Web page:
By Carter B. Horsley
The Contemporary Art evening
sale at Phillips de Pury November 16, 2006, is highlighted by
a major installation work by Mike Kelly, a very good painting
by Richard Prince, an excellent work by Julian Schnabel, a marvelous
work by Tom Friedman, a merry-go-round by Charles Ray, and a haunting
painting by Yang Shaobin.
Lot 43, "Boby's World,"
is a superb Julian Schnabel (b. 1961) that was once part of the
Saatchi Collection in London. An oil, wax, Bondo, ceramic plates
and horns on wood and canvas, it was executed in 1980 and measures
97 1/2 by 146 by 12 inches.
The catalogue provides the
"After decades when cool
minimalism and conceptual art had completely eclipsed painting,
Julian Schnabel's expressioistic and passionate artwork with its
often romantic and heroic content, created an enormous shift toward
the emotive and subjective in contemporary art, Schanbel's debut
exhibition at the Mary Boone Gallery in 19879 caused a sensation
that propelled him into the forefont of the contemporary art scene.
The interest his work provoked was so dramatic that he was given
a second solo exhibition in November of the same year, in which
he unveiled his infamous broken-plate paintings. these works,
as the present lot Bob's World demonstrates, are large
Neo-Expressionist landscapes made by painting over fractured plates
and crockery applied to canvases. Though he made many works that
did not employ this device, these unusual surfaces became his
signature style. Their physical rambunctiousness broke the ice
for American painters, while also laying claim to some of performance
art's theatricality. Schnabel's plate paintings do possess a sense
of happening, as if the actual crash is occurring in real time
in the viewer's mind. Visually, the works also recall Antoni Gaudi's
Parc Guell in Barcelona, which appear to be one of Schanbel's
immediate inspirations, while their implicit theatricality could
also relate to the artist's long years of employment in commercial
kitchens. According to the artist the idea came to him during
a reverie in Europe, when he 'had the funny idea' that he wanted
to make a painting the size of the oddly large closet in his cheap
hotel room covered with broken plates. The works he made upon
his return a sculptural and tactile vitality that catapulted Schanbel
into the limelight."
The lot has an estimate of
$400,000 to $600,000. It sold for $822,400 including the buyer's
premium as do all results mentioned in this article. The artist's
former auction record was $361,000. It was one of 19 artists'
records set at this auction which sold 88.23 percent of the 68
offered lots for a total of $29,694,800. The presale estimates
ranged from $24,490,000 to $34,050,000.
Lot 13, "Deodorized Central
Mass with Satellites," mixed-media installation by Mike Kelly
(1954) that the artist, who likes stuffed animals, worked on from
1991 to 1999. The lot has an ambitious estimate of $3,000,000
to $4,000,000. It sold for $2,704,000, almost quadrupling the
artist's previous auction record set last May at Phillips de Pury.
Kelly explains in a catalogue
essay that the stuffed animals face inwards and that there are
12 satellites in six pairs that are balanced by pulleys. "The
entire assembly is surrounded by 10 human-scale wall-mounted fiberglass
'deodorizers.' Each of these is a single bright color, and the
surfaces are slick and shiny like that of a new automobile. The
wall units were inspired by the small plastic deodorizers often
seen in public restrooms, the designs of which generally poor
evocations of hig-tech modernism. My wish was to come up with
something resembling a mix of Darth Vader's mask and futuristic
car design. Each one of my deodorizers contains an interior mechanism
that, on occasion, sprays into the air a subtle mist of pine-scented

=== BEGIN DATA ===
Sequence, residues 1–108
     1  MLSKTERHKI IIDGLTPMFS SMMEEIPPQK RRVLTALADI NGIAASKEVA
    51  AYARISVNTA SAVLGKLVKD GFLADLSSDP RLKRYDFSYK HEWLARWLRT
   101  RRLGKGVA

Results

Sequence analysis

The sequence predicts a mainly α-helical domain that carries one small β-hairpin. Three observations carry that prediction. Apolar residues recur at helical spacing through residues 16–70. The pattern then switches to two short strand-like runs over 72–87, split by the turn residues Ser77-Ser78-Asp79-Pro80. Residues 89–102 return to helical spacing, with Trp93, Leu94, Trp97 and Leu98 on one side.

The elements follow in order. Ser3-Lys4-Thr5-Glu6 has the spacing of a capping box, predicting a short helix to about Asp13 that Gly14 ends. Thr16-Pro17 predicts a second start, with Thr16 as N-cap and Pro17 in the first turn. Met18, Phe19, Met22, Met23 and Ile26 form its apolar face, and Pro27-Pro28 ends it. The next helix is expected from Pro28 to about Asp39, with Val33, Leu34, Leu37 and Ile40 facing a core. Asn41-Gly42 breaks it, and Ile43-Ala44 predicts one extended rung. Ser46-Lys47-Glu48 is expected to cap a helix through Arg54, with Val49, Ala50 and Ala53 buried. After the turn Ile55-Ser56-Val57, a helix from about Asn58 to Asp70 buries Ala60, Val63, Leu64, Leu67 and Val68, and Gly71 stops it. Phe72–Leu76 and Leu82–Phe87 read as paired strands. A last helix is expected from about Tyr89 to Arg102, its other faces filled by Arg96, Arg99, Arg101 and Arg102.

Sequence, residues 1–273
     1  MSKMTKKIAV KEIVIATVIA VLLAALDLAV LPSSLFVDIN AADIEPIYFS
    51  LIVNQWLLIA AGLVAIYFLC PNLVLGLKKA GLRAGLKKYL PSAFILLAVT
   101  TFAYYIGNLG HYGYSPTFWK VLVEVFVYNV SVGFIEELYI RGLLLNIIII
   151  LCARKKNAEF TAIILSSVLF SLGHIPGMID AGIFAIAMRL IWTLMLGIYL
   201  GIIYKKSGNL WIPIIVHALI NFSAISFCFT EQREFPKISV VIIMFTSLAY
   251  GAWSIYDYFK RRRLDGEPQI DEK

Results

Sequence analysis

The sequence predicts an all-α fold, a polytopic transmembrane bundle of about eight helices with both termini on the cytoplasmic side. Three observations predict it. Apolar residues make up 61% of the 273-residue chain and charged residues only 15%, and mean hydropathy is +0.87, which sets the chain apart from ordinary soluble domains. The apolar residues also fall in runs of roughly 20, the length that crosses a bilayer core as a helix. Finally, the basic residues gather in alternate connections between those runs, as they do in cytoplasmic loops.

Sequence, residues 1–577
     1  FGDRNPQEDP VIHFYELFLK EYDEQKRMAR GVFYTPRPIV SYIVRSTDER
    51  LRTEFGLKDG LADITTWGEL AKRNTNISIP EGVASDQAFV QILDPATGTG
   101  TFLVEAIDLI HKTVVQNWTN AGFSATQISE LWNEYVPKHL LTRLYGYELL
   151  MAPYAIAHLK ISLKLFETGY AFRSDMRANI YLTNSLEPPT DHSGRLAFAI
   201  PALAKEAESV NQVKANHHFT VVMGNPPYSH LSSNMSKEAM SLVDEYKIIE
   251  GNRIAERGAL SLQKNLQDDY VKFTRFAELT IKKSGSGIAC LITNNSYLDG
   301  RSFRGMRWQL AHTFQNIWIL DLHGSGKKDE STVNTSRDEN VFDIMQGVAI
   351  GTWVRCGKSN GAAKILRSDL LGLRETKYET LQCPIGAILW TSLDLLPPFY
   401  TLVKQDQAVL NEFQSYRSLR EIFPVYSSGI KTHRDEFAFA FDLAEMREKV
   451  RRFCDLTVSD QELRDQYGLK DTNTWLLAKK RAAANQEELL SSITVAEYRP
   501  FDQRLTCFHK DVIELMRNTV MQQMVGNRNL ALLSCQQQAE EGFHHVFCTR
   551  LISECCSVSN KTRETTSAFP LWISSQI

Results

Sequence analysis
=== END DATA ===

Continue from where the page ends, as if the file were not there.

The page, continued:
For your child's room, we offer
Lot 22, "Revolution Counter-Revolution," a merry-go-round,
by Charles Ray (b. 1953) that measures 115 by 164 by 164 inches.
The turntable spins in the direction opposite to which the carousel
horses are facing, naturally. Executed in 1990, it has an ambitious
estimate of $1,150,000 to $2,000,000. It sold for $1,584,000,
but only after it was re-offered after having been bought in.
Mr. de Pury said after the auction that it was re-offered because
a bidder informed the auction house he had been "distracted."
It was bought by Jeffrey Deitch and some people speculated that
having it "reopened" and sold was preferable to buying
it after the auction and having it listed as a "buy-in."
Lot 24 is "LaNona Ora,"
a cast plaster and silver cast of a Pope felled by a rock by Maurizio
Cattelan (b. 1960). It is part of an edition of ten sculptures
and measures 6 3/4 by 24 3/4 by 8 5/8 inches and was executed
in 2003. It has an estimate of $150,000 to $200,000. It sold
Lot 41 is a steel, lead, plaster, fabric and
pigment work by Anselm Kiefer (b. 1945) that is entitled "Nossis."
It measures 59 by 45 1/.2 by 50 inches and was executed in 1999.
It has a modest estimate of $200,000 to $300,000. "The female
form," the catalogue observes, "is truncated - headless
but subservient, we view the body more as a spirit from the past.
Melancholic and even poetic, Kiefer's sculpture captures a mythological
spirit. The powerful stance of the woman indoctrinates the work
with a divine aura." It sold for $408,000.
Lot 63, "2002-10, No.
3," is a powerful monochrome oil on canvas by Yang Shaobin
(b. 1963) that has much of the painterliness and horror of the
work of Francis Bacon. An oil on canvas, it measures 46 3/8 by
66 3/8 inches and was painted in 2002. It has a conservative estimate
of $80,000 to $120,000. It sold for $180,000.
"Yang Shaobin is widely
lauded for his painterly characterization of violence, but his
incisive commentary on international affairs has largely gone
overlooked. Among major contemporary Chinese artists, Yang is
one of a select handful whose mature work shuns overt references
to popular Chinese iconography. Instead, his paintings draw on
images of Edward Said, military helicopters and urban explosions
that squarely ground his concerns in global realpolitik. In this
context, Yang's referene is to theuniversal and more insidious
scope of violence wrought by our international geopolitical structure.
Yang was born in the coal-mining Chinese city of Tangshan in 1963
and began his artistic career in Beijing in 1991. At the 1999
Venice Biennale he received international acclaim for his Red
Paintings that elicited comparisons to Bacon's portraits.